Before my father passed away he spent some time in the Intensive Care Unit. He was assigned Bed 2 of the 5 beds that were arranged in a semi circle. The other four beds were occupied but I have no idea who was in them. It was impossible to know who lay under the blankets with their faces covered by oxygen masks –it really did not matter if they were male, female, black, white, beautiful, ugly, old, young, gay, straight, trans, bi, Buddhist, Christian, Muslim, or Jewish.
For the most part, all 5 lay very still, the only sign of life came from the constant beeping of the monitors. The night that death came for Bed 4, the ITU went completely silent for a few seconds and life was suspended for a moment. Then life took over very quickly and the beeps immediately got louder, more insistent, more urgent; the monitor’s lights were flashing red and the medical team was at the bedside in seconds. It did not matter who lay in the bed. When you meet death face to face you are not a label, you are a precious life.
The labelling starts when you are only 9 or 10 years old; sometimes your classmates see in you something, which is ‘not normal’, and you, are labelled and you feel ashamed for being different. Most times it gets worse in high school. Sometimes, most times, the labels are now purposely offensive and belittling (gay, freak, fag, retard, douche, homo, loser).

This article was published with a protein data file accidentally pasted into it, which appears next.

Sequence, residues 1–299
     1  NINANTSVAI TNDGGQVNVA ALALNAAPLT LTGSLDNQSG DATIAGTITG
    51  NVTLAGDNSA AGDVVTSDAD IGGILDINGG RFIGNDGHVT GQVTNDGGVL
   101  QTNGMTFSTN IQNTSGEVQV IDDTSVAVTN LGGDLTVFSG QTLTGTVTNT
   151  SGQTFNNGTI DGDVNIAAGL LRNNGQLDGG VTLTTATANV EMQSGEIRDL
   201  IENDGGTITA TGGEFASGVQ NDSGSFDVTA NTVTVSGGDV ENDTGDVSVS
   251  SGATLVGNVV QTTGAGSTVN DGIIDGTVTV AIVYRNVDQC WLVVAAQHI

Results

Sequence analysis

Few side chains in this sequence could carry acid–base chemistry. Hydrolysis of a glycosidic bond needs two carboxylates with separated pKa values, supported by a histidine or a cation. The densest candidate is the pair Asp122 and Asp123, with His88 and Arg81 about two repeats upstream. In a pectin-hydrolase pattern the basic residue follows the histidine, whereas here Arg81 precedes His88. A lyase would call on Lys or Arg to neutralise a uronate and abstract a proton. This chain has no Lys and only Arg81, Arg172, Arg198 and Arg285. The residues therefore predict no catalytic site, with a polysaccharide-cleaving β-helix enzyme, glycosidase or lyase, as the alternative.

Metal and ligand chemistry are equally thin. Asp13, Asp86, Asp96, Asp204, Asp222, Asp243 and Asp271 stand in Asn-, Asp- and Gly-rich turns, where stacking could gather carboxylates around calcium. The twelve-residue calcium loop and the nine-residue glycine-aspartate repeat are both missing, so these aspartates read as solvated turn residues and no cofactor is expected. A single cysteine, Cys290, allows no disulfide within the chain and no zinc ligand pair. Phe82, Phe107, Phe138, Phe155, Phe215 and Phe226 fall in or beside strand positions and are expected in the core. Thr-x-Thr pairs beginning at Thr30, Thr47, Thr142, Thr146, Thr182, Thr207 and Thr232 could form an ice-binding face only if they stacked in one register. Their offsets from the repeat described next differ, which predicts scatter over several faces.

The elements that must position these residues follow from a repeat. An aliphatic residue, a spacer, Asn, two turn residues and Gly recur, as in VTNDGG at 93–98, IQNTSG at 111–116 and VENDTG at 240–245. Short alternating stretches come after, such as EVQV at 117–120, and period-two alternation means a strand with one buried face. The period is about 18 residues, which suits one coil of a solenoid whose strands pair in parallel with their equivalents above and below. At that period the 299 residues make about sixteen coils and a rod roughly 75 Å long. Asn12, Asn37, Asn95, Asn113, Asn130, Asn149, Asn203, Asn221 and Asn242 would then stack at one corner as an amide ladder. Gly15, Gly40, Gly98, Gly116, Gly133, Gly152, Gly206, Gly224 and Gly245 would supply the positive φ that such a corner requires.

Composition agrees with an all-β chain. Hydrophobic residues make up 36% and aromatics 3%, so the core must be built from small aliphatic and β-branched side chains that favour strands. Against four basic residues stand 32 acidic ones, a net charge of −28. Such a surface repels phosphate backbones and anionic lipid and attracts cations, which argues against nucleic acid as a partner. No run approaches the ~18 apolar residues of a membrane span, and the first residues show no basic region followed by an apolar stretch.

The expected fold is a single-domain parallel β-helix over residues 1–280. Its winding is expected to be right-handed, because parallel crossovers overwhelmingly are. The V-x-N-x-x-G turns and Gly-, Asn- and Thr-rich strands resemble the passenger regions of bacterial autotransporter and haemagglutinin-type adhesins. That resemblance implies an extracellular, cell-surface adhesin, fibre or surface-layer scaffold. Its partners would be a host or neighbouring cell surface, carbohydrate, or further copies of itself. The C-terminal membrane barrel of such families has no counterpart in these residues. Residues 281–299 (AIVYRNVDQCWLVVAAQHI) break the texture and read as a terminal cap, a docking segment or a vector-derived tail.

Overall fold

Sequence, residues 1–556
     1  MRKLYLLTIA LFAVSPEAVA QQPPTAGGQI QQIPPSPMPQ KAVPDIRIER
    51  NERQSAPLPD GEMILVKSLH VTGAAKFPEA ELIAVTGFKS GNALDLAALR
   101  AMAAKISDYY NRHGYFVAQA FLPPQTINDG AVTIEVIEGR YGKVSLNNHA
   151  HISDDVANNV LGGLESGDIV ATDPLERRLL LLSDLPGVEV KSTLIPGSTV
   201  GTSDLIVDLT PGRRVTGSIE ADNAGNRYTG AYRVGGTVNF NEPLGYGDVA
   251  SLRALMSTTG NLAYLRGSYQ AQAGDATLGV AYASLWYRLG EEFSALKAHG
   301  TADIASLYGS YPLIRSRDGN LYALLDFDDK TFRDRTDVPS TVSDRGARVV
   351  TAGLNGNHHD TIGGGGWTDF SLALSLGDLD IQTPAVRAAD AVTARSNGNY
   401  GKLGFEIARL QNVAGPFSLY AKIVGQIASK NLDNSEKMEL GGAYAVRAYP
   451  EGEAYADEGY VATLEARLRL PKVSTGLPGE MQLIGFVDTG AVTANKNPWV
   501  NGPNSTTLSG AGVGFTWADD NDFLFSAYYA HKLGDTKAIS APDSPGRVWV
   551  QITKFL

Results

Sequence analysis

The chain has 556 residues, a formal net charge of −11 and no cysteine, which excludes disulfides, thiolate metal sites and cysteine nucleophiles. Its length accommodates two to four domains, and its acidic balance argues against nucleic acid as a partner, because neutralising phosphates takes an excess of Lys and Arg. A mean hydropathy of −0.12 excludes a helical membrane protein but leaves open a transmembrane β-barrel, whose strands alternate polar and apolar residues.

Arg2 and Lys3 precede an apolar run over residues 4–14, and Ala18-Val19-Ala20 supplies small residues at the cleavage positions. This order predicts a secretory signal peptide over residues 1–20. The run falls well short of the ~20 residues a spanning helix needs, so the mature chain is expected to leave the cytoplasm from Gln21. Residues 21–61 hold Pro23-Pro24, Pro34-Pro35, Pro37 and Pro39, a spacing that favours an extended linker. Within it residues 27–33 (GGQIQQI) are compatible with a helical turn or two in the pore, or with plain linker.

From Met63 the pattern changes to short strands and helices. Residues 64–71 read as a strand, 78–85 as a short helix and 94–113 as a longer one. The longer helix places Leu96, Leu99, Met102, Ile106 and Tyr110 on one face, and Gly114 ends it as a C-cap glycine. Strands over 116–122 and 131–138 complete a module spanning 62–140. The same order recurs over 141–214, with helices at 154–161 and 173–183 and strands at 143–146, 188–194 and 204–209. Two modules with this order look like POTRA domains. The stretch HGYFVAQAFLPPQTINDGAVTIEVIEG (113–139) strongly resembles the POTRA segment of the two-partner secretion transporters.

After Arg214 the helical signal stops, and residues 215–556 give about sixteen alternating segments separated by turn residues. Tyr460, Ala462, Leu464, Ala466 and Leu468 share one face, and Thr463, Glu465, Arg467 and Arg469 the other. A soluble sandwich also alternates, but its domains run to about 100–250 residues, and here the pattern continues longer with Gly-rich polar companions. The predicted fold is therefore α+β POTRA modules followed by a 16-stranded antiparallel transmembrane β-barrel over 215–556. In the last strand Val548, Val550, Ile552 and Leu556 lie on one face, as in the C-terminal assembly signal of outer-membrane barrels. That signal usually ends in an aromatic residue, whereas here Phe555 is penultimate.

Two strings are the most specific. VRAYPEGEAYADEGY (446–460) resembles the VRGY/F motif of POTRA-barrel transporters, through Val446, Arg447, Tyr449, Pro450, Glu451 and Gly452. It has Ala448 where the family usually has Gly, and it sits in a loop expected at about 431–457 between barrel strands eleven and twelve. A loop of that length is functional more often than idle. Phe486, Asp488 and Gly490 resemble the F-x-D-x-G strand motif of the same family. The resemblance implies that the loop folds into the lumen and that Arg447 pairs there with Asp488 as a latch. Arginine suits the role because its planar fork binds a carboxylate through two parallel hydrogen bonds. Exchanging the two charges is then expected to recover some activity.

Sometimes you get beaten up.
Sometimes you tell a teacher or an adult, and you get told its only banter, you need to man-up. Sometimes you try to suppress who you are and pretend to be someone else. Sometimes it works. Mostly it doesn’t.
Sometimes you hate yourself. Sometimes you don’t know who you are anymore. Most times you feel marginalised, isolated, depressed, ashamed, you suffer from low self-esteem, as well as feelings of hopelessness and despair.
Sometimes you find someone who is like you.
Sometimes this is good, sometimes this is bad.
You miss school to escape the bullying.
Sometimes you give up on school altogether.
Sometimes you give up on life.
You push through, hoping it will get better when you are 18. Sometimes it gets better.
You come ‘out’, now the world knows your secret. Sometimes there is more shame, more labels; this time from parents, siblings and grandparents. Sometimes you find yourself all alone because your family does not want you to be a part of the family.
As an adult, you can be who you want, live how you want, love who they want. Sometimes it’s not enough. Sometimes the shame follows you. The labels follow you.
Sometimes, most times, you are defined by your sexual identity, it is not by who you are, you are not a label, you are precious life.